France is set to send Australia a bill "in a few weeks" to compensate for the submarine deal that was cancelled because of the AUKUS security pact, according to French newspaper Le Figaro.
Pierre-Eric Pommellet, the chief executive of Naval Group, which had been due to build submarines for Australia, told the newspaper that, since the contract was terminated on Canberra's own accord, his company is not "at fault". He also said that the cancellation of the submarine deal had been a complete surprise for the firm.
“We were in shock. This decision was announced to us without any notice,” he told the newspaper. “Very few companies have experienced such a [brutal] scenario.”
According to Pommellet, the company was informed of the contract termination on 15 September, the exact day the AUKUS pact was announced.
Moreover, according to Hervé Grandjean, a spokesman for France's Ministry of Defence, on the very same day the ministry and Naval Group received an official letter from the Australian Navy in which it praised the "excellent" performance of the French-made submarines.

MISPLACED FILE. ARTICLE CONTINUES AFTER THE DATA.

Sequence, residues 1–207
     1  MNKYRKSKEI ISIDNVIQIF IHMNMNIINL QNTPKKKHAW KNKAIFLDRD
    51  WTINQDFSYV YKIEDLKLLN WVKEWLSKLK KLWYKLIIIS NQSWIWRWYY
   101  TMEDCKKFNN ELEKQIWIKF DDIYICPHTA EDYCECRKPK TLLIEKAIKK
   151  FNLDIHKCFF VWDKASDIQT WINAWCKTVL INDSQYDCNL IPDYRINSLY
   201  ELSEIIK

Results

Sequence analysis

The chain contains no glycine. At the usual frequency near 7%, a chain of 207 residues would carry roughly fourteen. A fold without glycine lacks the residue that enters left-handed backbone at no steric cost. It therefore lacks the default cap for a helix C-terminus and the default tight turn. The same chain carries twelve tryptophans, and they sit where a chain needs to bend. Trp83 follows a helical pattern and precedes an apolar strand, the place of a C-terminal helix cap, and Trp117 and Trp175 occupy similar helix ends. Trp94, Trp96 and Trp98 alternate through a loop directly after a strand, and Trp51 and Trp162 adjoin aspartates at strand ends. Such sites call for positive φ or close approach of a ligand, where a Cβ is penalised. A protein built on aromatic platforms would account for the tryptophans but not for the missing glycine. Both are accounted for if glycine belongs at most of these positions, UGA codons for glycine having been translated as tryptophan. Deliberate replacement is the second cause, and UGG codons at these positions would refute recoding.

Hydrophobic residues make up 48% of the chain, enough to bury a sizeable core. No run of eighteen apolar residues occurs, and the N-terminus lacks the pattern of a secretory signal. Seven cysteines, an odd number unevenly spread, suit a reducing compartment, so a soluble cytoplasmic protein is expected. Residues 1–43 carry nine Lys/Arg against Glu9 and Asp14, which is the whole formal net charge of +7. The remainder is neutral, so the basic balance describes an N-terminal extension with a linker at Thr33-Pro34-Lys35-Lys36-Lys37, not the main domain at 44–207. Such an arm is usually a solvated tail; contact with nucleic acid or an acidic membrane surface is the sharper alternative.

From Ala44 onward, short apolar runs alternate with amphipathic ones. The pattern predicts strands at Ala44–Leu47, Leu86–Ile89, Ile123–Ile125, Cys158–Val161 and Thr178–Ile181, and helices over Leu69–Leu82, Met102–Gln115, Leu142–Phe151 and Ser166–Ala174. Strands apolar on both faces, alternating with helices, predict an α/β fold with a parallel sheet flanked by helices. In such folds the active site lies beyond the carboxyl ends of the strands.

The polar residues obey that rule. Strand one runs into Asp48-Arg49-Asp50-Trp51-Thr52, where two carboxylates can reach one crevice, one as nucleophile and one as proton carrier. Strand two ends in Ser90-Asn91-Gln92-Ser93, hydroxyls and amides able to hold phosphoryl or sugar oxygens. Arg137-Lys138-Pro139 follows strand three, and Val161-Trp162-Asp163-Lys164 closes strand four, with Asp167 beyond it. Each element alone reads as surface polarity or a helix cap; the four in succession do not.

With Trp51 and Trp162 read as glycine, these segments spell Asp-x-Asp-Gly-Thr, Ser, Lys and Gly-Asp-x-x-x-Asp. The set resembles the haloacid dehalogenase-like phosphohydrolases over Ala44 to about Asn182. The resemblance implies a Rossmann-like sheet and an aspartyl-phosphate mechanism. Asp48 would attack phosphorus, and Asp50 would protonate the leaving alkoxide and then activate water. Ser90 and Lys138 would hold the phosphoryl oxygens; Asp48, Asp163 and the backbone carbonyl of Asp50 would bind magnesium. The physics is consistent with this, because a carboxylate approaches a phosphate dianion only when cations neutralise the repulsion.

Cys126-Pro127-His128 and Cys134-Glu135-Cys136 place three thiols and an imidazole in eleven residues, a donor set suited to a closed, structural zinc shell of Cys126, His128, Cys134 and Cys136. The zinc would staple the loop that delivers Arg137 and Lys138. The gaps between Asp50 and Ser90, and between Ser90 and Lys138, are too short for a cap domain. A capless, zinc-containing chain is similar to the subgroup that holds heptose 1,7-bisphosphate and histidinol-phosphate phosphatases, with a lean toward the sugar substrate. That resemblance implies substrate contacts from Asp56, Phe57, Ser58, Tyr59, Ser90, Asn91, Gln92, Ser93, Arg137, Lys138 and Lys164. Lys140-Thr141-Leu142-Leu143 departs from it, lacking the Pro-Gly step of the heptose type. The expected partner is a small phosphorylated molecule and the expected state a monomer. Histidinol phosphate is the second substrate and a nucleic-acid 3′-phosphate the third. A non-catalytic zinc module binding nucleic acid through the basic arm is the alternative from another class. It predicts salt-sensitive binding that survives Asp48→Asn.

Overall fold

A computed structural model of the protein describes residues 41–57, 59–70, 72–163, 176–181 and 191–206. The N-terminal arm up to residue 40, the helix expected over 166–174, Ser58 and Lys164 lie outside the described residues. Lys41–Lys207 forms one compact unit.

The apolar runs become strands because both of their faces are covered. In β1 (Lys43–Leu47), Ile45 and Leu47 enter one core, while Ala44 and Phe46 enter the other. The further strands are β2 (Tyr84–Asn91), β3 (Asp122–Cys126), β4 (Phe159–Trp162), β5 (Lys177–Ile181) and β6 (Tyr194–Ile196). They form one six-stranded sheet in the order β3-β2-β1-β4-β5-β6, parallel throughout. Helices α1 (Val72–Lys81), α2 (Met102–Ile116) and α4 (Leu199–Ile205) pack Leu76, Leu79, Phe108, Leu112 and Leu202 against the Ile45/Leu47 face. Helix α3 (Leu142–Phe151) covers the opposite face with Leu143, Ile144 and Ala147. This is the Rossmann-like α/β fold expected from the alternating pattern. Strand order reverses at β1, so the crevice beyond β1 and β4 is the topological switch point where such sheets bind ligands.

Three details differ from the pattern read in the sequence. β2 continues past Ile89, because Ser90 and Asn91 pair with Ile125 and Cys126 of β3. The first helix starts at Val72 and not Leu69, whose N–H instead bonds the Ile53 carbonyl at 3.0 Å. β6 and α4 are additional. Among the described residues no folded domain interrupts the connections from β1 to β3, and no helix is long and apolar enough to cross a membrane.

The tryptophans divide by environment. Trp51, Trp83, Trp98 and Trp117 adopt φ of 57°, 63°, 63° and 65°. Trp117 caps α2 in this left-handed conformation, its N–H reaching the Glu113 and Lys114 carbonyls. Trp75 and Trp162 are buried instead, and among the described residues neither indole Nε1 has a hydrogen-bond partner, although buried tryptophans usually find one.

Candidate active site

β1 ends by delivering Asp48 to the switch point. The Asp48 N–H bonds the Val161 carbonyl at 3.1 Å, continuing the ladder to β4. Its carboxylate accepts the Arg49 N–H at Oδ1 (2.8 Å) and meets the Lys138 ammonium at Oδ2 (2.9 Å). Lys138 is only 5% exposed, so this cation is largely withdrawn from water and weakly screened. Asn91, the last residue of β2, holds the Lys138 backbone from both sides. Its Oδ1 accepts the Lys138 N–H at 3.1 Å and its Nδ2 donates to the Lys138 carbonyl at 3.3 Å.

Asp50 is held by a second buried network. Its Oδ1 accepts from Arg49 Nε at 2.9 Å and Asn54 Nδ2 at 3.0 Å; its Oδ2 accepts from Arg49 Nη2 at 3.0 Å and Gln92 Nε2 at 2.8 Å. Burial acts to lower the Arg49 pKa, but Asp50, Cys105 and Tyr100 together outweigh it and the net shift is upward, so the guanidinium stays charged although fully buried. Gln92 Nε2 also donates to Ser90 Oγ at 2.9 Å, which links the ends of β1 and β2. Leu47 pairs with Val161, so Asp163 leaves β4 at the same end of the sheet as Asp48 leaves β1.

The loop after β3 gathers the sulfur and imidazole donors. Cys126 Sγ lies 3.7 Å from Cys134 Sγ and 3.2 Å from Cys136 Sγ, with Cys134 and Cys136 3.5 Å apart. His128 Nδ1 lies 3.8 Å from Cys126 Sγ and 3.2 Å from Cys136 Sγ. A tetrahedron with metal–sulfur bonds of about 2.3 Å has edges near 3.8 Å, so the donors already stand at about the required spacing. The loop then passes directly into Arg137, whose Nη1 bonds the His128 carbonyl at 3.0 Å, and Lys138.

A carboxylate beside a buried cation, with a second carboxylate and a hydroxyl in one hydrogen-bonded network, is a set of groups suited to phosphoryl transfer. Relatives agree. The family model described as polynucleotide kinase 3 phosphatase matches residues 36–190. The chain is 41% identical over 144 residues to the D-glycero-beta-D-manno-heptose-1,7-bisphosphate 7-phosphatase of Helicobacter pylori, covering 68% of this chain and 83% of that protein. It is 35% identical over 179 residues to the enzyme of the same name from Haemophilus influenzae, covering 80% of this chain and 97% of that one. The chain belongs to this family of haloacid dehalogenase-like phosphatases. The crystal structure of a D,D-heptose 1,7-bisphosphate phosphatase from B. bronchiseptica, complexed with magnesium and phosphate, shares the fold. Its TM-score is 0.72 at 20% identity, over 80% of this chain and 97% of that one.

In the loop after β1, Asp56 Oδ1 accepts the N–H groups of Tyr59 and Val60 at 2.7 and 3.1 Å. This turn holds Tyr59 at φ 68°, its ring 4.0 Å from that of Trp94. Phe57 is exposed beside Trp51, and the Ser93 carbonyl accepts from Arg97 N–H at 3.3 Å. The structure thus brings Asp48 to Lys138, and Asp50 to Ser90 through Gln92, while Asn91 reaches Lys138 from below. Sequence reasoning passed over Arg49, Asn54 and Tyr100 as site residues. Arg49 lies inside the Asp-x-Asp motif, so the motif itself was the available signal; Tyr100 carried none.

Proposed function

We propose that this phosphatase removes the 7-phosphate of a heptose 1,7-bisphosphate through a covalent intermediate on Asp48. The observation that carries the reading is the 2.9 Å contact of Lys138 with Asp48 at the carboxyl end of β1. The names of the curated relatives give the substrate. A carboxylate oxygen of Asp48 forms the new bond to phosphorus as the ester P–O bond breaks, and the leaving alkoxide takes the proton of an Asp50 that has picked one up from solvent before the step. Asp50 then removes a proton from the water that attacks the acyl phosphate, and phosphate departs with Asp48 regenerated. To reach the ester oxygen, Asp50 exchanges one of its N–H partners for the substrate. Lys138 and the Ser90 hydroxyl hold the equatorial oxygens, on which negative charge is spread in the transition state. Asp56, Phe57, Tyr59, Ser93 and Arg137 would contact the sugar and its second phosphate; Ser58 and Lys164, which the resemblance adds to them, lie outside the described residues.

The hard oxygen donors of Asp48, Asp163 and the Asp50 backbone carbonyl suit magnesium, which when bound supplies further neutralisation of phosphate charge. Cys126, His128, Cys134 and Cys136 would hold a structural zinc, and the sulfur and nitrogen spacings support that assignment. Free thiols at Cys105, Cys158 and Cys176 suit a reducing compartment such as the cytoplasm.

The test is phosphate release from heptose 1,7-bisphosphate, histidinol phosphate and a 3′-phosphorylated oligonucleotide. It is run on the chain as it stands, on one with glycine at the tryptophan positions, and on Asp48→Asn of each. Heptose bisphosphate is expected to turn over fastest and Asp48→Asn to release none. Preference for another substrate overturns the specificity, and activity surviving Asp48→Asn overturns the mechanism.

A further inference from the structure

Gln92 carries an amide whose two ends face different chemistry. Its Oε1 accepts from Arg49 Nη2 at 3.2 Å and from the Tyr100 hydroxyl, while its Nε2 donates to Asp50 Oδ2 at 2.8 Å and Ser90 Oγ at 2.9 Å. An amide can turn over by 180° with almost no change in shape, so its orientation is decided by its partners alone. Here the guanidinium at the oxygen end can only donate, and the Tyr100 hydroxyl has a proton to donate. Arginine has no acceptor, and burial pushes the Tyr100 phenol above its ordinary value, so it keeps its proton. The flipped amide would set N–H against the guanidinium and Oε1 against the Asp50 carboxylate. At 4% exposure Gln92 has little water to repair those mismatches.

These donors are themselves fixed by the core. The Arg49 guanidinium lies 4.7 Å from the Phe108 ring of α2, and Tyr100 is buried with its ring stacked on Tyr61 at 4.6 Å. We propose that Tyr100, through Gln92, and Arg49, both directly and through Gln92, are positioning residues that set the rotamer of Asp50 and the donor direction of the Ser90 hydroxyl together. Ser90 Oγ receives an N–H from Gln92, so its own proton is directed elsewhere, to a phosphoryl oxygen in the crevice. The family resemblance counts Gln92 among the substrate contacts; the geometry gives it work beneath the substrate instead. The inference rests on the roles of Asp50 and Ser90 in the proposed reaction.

Grandjean is cited by The Guardian as saying that a senior official who was overseeing the project informed him that he had “taken a close look at the state of progress in the contract, in line with the contract, and was extremely satisfied that performance of the French submarine was excellent, which clearly means that we were to move to the next phase of the contract”.
After the AUKUS-prompted cancellation of the French submarine deal with Australia, Paris dramatically withdrew its ambassadors from Washington and Canberra. Although France has already agreed to return it US ambassador Philippe Etienne to Washington next week, Australian PM Scott Morrison reportedly faced nothing but silence from the French president when he tried to contact him, and there is no indication as to when Canberra may expect the French ambassador back.
Paris described the AUKUS pact as a "stab in the back", with French Defence Minister Florence Parly accusing the United States of attempting to instigate a confrontation with China. Beijing, in its turn, also voiced concerns that the pact could undermine non-proliferation efforts in the Asia-Pacific region and prompt an arms race.